It’s Sunday, and that means game day. The Eagles fly north to face the 5-1 Bills in a season where wins have become harder to come by than they have in the past. But we have plenty to keep you occupied until kickoff, including a soon-to-be famous Philly after-school rugby team. And further below, we talk with my colleague Jesenia De Moya Correa, a reporter who focuses on Latino communities and issues within the Philadelphia region.
Each week we go behind the scenes with one of our reporters or editors to discuss their work and the challenges they face along the way. This week we chat with Jesenia De Moya Correa, who covers the Latino experience in the Philadelphia region.
You report on the complex transnational relationships between diasporic communities and Latinos born in the U.S. In your time in Philadelphia, what have been some main issues you’ve seen stemming from these different communities here? Any particular trends?
We know well that issues affect Latino populations differently, depending on people’s age, class, legal status, family structure, skin color, racial perception, sexual orientation and identities, faithful practices, linguistic accents and upbringing. In Philly, we have a representation of the national Hispanic demographics, with some Latino communities having higher barriers to access basic health care or to gain higher education degrees, while others have limited access to information to start a business or take out a loan. If anything in particular, I’d say there is strong and continuous presence and influence of Philly Latinos in the Latino Caribbean socioeconomic and political structure. A trend is the lack of fairness and representation of the communities in local journalism.
What was the impetus behind El Inquirer?
El Inquirer is a miracle of the spirits and of the ability that humans have to listen. After dedicating six months to listening to firsthand experiences from Philly Latinos, I learned that those who read our journalism want our reporters to do more community-driven work — as in stories that come more from the bottom organizers than from the top leaders. This was one of the two most imminent demands, along with having the opportunity to read The Inquirer’s reporting in a language that they can understand better: in this case, Spanish. So, the energy behind this product is the desire that the communities of Philly have to weigh in on the work that we’re doing, which they consider starts by having better access to it and being well reflected in it.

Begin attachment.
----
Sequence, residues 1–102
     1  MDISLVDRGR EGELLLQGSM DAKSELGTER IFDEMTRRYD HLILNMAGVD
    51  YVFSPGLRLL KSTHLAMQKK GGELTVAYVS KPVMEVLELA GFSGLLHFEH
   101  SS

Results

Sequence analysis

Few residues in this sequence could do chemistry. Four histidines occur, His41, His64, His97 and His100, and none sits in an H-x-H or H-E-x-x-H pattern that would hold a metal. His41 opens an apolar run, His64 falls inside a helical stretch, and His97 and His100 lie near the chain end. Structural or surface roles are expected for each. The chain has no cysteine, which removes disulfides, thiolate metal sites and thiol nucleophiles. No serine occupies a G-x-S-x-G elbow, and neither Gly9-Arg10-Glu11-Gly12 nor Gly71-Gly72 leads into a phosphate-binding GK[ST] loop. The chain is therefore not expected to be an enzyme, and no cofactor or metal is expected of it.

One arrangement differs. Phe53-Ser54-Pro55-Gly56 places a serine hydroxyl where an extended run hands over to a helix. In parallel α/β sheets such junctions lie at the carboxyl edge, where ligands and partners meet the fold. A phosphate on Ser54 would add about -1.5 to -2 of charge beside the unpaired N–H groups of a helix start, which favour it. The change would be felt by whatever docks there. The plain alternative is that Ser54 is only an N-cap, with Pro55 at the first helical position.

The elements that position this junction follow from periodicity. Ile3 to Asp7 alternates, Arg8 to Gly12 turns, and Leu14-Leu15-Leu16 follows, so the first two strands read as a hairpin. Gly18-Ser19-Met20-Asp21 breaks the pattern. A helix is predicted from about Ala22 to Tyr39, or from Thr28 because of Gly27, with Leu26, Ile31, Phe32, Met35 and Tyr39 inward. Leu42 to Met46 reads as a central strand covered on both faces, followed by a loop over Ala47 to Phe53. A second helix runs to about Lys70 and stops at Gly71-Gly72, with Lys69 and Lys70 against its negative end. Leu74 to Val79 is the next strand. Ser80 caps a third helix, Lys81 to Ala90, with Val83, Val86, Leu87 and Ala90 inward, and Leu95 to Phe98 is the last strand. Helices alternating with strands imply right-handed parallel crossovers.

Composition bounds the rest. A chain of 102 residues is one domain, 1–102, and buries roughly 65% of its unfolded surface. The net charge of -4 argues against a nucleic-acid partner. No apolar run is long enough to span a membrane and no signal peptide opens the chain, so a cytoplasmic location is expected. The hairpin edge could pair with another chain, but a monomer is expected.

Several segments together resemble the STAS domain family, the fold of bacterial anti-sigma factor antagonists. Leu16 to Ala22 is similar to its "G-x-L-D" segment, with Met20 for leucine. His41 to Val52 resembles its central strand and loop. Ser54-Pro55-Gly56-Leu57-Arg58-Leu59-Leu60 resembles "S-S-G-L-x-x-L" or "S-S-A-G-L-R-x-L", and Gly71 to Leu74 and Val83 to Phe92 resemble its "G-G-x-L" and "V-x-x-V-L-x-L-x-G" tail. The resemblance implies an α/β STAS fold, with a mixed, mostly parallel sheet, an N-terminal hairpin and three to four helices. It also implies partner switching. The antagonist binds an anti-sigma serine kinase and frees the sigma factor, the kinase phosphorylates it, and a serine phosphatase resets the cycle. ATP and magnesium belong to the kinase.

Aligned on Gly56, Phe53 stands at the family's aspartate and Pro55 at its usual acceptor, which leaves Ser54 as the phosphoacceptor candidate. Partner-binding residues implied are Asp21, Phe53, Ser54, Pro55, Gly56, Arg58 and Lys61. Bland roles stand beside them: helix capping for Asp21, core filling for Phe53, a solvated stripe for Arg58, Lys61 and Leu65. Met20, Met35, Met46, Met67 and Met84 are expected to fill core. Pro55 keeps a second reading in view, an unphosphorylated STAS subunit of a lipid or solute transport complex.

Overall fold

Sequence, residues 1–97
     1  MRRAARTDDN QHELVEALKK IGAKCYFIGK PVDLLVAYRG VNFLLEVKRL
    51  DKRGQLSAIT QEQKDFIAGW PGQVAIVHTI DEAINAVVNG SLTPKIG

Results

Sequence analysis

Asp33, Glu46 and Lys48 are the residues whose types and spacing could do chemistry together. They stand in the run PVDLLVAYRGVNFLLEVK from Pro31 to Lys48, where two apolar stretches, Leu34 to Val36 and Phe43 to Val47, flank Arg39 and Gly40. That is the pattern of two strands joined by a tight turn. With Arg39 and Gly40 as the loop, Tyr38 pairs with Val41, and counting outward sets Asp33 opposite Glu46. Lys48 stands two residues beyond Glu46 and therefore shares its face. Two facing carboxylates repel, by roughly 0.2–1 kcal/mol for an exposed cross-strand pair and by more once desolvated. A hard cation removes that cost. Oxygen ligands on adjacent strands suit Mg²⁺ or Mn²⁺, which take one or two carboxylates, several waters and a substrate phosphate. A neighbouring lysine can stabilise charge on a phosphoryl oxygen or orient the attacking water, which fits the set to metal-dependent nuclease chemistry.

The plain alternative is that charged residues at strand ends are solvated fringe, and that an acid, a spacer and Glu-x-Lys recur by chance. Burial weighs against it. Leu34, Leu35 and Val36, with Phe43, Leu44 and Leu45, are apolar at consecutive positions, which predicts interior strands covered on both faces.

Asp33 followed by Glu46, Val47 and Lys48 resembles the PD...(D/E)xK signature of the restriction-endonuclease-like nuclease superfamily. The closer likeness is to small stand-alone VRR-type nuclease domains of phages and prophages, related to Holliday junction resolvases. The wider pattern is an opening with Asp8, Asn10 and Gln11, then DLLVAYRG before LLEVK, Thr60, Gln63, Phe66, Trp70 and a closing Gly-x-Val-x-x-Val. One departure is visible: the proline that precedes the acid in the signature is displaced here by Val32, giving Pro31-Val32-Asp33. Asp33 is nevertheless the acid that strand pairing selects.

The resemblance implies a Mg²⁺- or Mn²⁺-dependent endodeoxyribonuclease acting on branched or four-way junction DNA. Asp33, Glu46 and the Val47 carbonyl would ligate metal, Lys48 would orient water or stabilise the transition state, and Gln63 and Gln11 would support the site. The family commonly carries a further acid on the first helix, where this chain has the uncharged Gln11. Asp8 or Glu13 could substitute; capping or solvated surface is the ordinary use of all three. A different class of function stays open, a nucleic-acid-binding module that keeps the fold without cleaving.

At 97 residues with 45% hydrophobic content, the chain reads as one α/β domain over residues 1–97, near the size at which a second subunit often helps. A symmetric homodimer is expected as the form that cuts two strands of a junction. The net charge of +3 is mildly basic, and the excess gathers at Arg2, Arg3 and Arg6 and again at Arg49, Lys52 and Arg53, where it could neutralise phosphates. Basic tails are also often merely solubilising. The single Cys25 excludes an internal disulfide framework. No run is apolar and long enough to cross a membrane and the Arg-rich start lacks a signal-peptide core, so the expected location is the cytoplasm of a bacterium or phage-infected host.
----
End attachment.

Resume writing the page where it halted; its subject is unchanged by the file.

How did you work to get buy-in to create this product and what do you hope it does for the public and readers?
I’ve been reporting from the communities’ interests and translating that journalism we have been doing in English to a contextualized Spanish for our readers in Philadelphia. I was lucky enough to have a group of managers and engineers with our technology and web development team who approached me about my bilingual works and saw the value of aggregating these stories on our website for users to find a dedicated space for them. I hope people can find themselves reflected in these stories, and give us the chance to demonstrate that we want to be relevant in their day-to-day lives.
What do you hope readers take away when they read your reporting?
I hope that readers and users can find underlying messages: that this journalism is done from within their shoes and be open to having a deeper and more complex conversation about what it’s like to be Latinos in Philadelphia nowadays.
What’s been the most difficult part in covering such a large swath of different communities?
To gain their trust, as there is no overall Latino experience and I don’t represent the half of it (as a U.S.-born Latina raised in the Caribbean that works for mainstream media). And to find ways of portraying the diversity of backgrounds, experiences and ideas that these people have in non-stereotypical framings.
What kinds of stories capture your attention and what issues do you hope to focus on moving forward?
I used to be a science reporter back in the Dominican Republic, where I covered policies and issues affecting people in the tourism, health, and environmental sectors. I do wish to dedicate more time to stories around the experiences happening in these lanes between Latinos in the Caribbean and Latinos in the U.S. I strongly believe that the future of local journalism is transnational. For Latinos, it has no borders or geopolitical boundaries.
Nothing but the truth. Thanks for sharing, @thephiladelphiacitizen!
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Excellent article that will encourage others to have a conversation with their loved ones about how they want to live and to die. People, please consider having a living will and an advanced directive so that your loved ones don’t endure the torture of having to decide for you. — Duchesscase, on a doctor who has seen two ways to die knows his choice